From the staff development bookshelf: Consultants as partners in collaboration

Staff Development Weekly: Insight on Evidence-Based Practice in Education, June 22, 2012

Consultants are persons who help clients solve particular problems or enhance services. Consultants are usually hired for a fixed period of time in order to accomplish specified objectives. Here are some examples of projects that might require the use of a consultant.

One-time projects: These are unique projects that occur only once. For instance, suppose that your organization is building a new wing or even a new hospital building. You will be required to orient all employees to a new site. A consultant could help to design such an orientation or even help to implement it. A new building site occurs only rarely, and it may be prudent to seek help limited to the education needs triggered by such a unique project.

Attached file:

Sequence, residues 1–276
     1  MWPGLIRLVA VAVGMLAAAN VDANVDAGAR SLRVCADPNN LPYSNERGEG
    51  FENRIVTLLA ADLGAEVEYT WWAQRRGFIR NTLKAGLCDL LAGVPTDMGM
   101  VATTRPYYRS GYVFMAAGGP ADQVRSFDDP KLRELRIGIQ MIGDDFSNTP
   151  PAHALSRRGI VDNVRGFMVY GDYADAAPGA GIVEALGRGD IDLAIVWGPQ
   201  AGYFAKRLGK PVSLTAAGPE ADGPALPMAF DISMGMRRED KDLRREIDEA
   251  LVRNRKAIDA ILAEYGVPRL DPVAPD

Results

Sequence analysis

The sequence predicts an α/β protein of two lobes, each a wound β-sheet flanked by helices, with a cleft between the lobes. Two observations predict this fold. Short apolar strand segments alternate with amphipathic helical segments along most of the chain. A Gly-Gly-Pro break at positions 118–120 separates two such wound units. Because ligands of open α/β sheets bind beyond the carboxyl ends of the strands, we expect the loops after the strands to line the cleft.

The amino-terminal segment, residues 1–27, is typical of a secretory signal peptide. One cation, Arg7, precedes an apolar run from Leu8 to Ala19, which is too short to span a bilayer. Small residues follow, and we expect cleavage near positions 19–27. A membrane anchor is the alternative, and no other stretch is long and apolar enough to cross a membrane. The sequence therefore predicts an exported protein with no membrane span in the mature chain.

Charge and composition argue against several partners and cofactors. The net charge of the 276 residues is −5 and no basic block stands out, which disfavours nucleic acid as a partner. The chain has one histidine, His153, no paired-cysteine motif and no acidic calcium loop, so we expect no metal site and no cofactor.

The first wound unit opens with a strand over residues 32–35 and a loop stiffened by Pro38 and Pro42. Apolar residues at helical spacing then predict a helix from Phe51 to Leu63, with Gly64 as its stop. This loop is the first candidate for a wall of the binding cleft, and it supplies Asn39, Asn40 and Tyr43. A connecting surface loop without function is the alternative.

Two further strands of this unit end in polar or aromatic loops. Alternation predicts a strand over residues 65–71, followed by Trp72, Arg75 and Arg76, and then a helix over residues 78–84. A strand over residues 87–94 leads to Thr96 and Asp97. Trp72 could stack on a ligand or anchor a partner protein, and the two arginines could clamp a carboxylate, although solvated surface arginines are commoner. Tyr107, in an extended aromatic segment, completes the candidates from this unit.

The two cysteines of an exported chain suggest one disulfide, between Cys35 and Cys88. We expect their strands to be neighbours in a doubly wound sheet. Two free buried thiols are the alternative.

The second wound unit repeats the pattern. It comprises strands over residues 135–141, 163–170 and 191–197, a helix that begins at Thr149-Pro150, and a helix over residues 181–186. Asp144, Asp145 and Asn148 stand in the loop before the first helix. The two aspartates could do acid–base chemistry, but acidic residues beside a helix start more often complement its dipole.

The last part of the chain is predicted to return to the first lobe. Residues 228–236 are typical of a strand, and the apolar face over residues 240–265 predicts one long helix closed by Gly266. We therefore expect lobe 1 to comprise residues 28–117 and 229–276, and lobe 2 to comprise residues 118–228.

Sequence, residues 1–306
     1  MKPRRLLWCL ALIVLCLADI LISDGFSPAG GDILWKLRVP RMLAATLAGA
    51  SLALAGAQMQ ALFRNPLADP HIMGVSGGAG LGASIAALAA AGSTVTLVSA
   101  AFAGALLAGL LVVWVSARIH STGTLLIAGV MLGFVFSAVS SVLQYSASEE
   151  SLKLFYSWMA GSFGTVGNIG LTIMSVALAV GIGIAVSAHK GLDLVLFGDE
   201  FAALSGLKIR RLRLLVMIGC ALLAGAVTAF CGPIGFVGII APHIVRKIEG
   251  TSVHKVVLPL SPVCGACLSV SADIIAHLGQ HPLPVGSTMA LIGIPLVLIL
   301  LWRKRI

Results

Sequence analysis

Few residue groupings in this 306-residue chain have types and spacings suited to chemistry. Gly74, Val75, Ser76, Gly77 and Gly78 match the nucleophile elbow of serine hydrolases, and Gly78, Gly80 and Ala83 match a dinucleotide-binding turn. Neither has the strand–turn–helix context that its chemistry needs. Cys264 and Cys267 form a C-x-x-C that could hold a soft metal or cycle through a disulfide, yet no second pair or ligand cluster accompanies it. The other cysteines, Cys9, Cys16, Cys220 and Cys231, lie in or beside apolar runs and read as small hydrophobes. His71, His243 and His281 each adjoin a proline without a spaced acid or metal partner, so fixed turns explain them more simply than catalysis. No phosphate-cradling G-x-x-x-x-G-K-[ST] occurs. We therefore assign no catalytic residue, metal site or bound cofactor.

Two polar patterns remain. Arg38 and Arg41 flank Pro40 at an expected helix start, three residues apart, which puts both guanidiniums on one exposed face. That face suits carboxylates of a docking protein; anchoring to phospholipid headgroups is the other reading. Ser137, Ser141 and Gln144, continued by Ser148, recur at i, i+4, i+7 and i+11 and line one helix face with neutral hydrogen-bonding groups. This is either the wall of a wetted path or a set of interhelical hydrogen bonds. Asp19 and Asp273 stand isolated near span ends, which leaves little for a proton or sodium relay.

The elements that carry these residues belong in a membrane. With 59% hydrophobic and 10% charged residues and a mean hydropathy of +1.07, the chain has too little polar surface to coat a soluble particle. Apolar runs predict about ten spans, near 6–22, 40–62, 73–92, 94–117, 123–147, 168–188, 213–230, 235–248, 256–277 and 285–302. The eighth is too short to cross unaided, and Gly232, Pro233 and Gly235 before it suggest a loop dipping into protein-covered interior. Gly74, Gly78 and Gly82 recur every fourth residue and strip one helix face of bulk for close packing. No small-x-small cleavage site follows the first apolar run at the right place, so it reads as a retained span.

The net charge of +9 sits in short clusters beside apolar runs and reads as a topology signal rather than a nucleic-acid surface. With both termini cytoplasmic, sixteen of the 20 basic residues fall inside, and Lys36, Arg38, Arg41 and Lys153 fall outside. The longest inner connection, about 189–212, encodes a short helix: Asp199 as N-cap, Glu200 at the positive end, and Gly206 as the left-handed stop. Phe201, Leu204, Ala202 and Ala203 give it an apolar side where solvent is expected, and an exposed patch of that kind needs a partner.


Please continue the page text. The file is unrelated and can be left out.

Needed expertise: New equipment, new disease pathophysiology, and specific certifications are examples of issues that require specific expertise. You may need a consultant to help you to learn about such issues and/or design and implement training and continuing education for a fixed period of time.

Change agent: Consultants are often popular choices when difficult changes occur within an organization. These types of changes may require elimination of positions, changes in roles and responsibilities, and/or leadership and management changes. The advantage to using consultants is that they are not, and will not become, part of the new organizational culture. They can facilitate changes, make unpopular decisions, and take actions that are the consequences of these decisions.

Book excerpt adapted from Innovation in Nursing Staff Development: Teaching Strategies to Enhance Learner Outcomes by Adrianne E. Avillion, D.Ed, RN.

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